graph company cannot defend such an action The true rule for the recovery of damages on the grounds that the contents of the teleby the sender against a telegraph company, gram related to an apparently illegal transacfor the latter's failure of prompt and accu- tion, provided it was not designed to promote rate transmision and delivery, is that laid the commission of a crime or a tort.30 down by Baron Alderson in the well-known The liability of a telegraph company for the case of Hadley V. Baxendale:28 “Where delivery of an altered telegraphic message pretwo parties have made a contract which one sents several questions of interest, the decisof them has broken, the damages which the ions being, in a measure, in conflict. The other party ought to receive in respect of | English rule would seem to be that damages such breach should be such as may fairly can be obtained by the sender alone and that, and reasonably be considered either arising since the injury is one growing out of the naturally, i. e., according to the natural breach of contract, damages can be awarded

only in an action ex contractu.si Where this 16 Young v. Tel. Co., 107 N. Car, 370; Sherill v. Tel.

view is taken it is obvious that all recovery Co. (N. Car.), 14 S. W. Rep. 94. 17 Wadsworth v. Tel. Co., 86 Tenn. 695.

by the addressee is barred, since there can be 18 Chapman v. Tel. Co. (Ky.), 13 S. W. Rep. 880. no privity of contract between the telegraph 19 West v. Tel. Co., 39 Kan. 93.

company and the sendee.32 At least one 20 Russell v. Tel. Co., 3 Dak. 315. 21 Tel. Co. v. Rogers, 68 Miss. 748. 22 Connell v. W. U. Tel. Co., 37 Cent. L. J. 61.

29 Tel. Co. v. Hall, 124 U, S. 444; Tel. Co. v. Gilder. 23 International Ocean Tel. Co. v. Sanders, 14 South. sleve, 29 Ind. 232; Baldwin v. Tel. Co., 45 N. Y. 744, Rep. 148.

et seq.; Hart v. Cable Co., 86 N. Y. 633. 24 Summerfield v. W. U. Tel. Co., 57 N. W. Rep. 30 Grey v. W. U. Tel. Co., 13 S. E. Rep. 562; Tel. 973.

Co, v. Ferguson, 57 Ind. 495. 25 Francis v. W. U. Tel. Co., 39 Cent. L. J. 355.

31 Playford v. Tel. Co., Allen Tel. Cas. 437; Henkal 26 Crawson v. Tel.Co., 47 Fed. Rep. 544.

v. Pape, Id. 567. 27 Chase v. Tel. Co., 44 Fed. Rep. 554.

82 Grey Com, Tel., sec. 68, 104 et seq.: Pepper v. 28 9 Exch. 354, 355.

Tel, Co., 87 Tenn. 554; Bigelow, Torts, pp. 621-626.

case, however, is to be found wherein it is company the agent of either sender or ad. beld that the party interested in the dis dressee, its liability to either, or both, is patch, whether sender or sendee, is the real solely as pincipal.36 The question is not contracting party, and such person may re- one concerning the equitable rights of the cover against a telegraph company when it parties, but rather demands the proper conbas delivered an altered message to his detri sideration of well known and applicable ment.35 In still another decision, the court rules of law. beld the telegraph company to be Chicago. G. C. Hamilton, LL. M. agent of both sender and addressee and permitted both to recover in con 36 Sbingleur v. W. U. Tel. Co. (Miss.), 18 S. W. tract for the delivery of an altered mes.

Rep. 425; Tel. Co. v. Brown (Ind.), 8 N. E. Rep. 171;

Tel. Co. v. Hope, 11 III App. 289; Cooley, Torts, pp. sage.34 Another line of decisions permits

103, 104; Rich v. R. R. Co., 87 N. Y. 382. the addressee to recover damages in an action in tort, against a telegraph company for the wrongful injury to him and the conse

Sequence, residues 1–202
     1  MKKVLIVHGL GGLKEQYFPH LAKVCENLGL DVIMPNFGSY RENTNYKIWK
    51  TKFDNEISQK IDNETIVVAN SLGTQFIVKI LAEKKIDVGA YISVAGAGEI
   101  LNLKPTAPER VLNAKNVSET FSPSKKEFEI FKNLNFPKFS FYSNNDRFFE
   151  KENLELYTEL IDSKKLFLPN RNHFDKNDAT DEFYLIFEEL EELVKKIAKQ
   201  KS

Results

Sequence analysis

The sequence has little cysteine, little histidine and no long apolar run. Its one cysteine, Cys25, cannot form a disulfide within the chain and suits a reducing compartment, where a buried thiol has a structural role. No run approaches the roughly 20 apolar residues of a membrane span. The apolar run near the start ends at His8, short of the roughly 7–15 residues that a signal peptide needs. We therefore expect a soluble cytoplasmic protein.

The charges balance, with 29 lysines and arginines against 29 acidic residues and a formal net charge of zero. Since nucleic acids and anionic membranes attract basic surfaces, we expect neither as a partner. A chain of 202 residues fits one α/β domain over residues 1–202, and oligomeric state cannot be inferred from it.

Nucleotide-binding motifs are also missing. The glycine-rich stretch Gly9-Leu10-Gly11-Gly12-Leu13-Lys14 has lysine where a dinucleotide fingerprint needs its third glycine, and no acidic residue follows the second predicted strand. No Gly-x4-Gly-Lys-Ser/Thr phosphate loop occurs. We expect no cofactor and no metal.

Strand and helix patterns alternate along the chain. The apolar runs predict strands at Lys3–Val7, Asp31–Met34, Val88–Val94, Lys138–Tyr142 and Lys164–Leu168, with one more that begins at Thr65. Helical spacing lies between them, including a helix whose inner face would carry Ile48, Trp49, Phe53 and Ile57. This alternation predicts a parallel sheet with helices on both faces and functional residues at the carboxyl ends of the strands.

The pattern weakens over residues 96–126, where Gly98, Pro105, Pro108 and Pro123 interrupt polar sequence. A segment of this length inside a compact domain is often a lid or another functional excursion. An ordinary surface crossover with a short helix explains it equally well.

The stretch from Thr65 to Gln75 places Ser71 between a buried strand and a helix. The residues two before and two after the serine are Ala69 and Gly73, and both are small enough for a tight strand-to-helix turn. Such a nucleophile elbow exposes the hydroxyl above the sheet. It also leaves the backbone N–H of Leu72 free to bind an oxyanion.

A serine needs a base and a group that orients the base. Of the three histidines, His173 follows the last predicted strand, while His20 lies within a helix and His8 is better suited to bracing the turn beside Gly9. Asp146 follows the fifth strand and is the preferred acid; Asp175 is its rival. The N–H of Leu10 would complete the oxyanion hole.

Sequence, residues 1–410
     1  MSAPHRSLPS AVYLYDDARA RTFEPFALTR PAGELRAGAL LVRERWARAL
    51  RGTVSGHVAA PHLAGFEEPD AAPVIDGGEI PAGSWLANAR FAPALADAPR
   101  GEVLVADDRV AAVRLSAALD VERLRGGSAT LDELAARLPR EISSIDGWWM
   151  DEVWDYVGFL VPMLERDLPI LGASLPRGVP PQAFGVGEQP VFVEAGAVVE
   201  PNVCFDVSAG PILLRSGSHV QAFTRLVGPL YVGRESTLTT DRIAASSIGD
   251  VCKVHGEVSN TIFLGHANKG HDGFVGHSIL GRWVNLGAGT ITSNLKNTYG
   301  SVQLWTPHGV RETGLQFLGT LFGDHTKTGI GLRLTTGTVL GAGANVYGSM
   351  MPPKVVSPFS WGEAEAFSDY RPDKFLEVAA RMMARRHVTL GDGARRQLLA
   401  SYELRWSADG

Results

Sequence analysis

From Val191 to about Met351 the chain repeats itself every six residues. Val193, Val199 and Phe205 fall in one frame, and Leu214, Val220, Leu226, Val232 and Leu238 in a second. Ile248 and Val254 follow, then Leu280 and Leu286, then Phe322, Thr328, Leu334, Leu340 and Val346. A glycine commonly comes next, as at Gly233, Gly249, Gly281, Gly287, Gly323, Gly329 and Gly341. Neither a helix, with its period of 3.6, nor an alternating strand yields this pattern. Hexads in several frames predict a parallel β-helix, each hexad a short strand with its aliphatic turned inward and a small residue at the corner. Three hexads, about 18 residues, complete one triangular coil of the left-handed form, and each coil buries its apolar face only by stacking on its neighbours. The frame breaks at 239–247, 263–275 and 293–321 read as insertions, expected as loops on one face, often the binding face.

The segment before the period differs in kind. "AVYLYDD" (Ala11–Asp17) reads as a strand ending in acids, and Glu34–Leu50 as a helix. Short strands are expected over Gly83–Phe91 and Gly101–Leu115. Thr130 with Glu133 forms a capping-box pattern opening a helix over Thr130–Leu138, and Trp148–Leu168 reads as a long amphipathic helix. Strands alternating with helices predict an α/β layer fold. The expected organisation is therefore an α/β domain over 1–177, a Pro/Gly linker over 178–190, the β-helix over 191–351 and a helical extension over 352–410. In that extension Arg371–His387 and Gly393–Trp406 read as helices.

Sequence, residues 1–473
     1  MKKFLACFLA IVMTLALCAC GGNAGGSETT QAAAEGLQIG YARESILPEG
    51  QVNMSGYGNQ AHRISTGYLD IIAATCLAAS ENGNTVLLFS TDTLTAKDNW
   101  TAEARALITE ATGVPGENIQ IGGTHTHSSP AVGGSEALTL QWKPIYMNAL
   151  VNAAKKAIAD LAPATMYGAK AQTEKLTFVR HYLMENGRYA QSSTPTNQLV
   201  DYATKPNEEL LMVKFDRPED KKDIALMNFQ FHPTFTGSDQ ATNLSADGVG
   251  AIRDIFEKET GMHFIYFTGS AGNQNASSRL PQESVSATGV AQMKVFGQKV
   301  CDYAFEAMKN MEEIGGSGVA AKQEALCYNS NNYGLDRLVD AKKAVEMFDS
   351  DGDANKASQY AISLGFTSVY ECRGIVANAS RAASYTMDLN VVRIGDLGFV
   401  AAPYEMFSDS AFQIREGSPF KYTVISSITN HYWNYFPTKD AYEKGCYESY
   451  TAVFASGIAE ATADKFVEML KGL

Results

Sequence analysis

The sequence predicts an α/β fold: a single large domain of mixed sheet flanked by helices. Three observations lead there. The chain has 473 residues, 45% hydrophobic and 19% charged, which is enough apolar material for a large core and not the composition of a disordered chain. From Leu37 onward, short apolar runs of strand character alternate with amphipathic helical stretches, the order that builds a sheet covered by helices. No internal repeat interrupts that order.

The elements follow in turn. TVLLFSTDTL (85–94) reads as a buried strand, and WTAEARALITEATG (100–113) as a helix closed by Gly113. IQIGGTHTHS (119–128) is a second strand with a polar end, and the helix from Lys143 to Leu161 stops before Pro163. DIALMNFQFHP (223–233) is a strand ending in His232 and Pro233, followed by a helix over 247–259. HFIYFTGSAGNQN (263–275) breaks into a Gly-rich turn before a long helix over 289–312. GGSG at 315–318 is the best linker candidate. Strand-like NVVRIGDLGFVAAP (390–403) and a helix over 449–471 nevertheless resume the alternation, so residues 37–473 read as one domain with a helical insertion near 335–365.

CONTRACT-CONSIDERATION-FORBEARquent loss sustained by reason of the deliv

ANCE. ery of an altered telegraphic message, be PRICE v. FIRST NAT. BANK OF ATCHISON. cause of the public duty which a telegraph

Supreme Court of Kansas, April 6, 1901. company owes to any one beneficially interested in the message.36 The entire question

1. An agreement to forbear and forbearance to is.

sue execution upon a judgment wbich clearly bas no is full of extremely interesting possibilities. legal existence, and upon which no execution could Many cases may arise where the sender of a lawfully issue, is not a sufficient consideration for a telegraphic message suffers absolutely Do

new promise on the part of a supposed judgment

debtor. injury, no material loss, by reason of altera

2. In such case, an assignment, as collateral se. tions in a telegraphic dispatch which he bas curity, of an insurance policy upon the life of a hus. originated, the entire damage being to the

band, made through a mistake of the law by the wife, addressee; still others may be presented,

the beneficiary therein, cannot be upheld, when the

assignment, in legal effect, provides that the prowhere the error, or negligence, of the tele ceeds of the policy shall be applied to the payment of graph company's agents or operators entails the amount justly due upon such judgment. The injury to both sender and sendee, in equal

judgment having been extinguished, nothing is due

upon it, and the insurance money cannot be applied or varying proportions. Where the sender

by the assignee in substantial compliance with the alone is damaged, the question presents terms of the contract. little or no difficulty ; what may, however, It appears by the record that, in 1890, John M. be considered the true rule governing all Price and his wife were indebted to the First cases of this nature? A conservative view National Bank in about the sum of $10,000. On of the decisions would seem to indicate that

July 10th of that year Price and wife executed to

the bank two renewal notes therefor, and cona telegraphic company is liable for damages

veyed by deed to David Auld, in trust for the sustained by reason of the delivery of an

bank to secure said renewal notes, several paraltered telegraphic message: 1. To the cels of real estate in the city of Atcbison and sender, either for breach of contract or in an vicinity. In the fall of 1893 the bomestead prop-' action in tort, there can be do such merger

erty of Price and wife, wbich was not included

in said deed, had been sold for delinquent taxes, of the tort unto the contract as to inbibit

amounting at that time to about $1,200, on which recovery ex delicto and compel recovery ex

sale a deed was due in September, 1893. Price contractu: 2. To the addressee in tort for went to the bank to borrow money to pay off the the injury sustained. The failure of the debts against said homestead. The bank finally telegraph company to perform a duty owed

offered to loan bim $3.200 in cash, and thereafter to the public forms no true part of the ques

to loan him $600 more upon condition that be

should include the homestead, which was worth tion at issue provided no statutory liability

about $10,000, to the security for the new loan, is imposed. In no case is the telegraph and should also make said homestead liable for

the old loan, and in addition thereto should as33 De Rutte v. Tel. Co., 30 How. Pr. 403.

sign to the bank the policy in controversy in this 34 Dryburg's Case, 35 Pa. St. 298.

action. Tbat assignment was made and the pol85 Rose's Case, Allen Tel. Cas. p. 340; Allen's Case,

icy was delivered to the bank by John M. Price 66 Miss. 549; Thompson Elec., secs. 427-8; Grey Com.

on the 19th day of January, 1894, at which time Tel., sec. 78.

I the bank paid to Price the $3,200, less the amount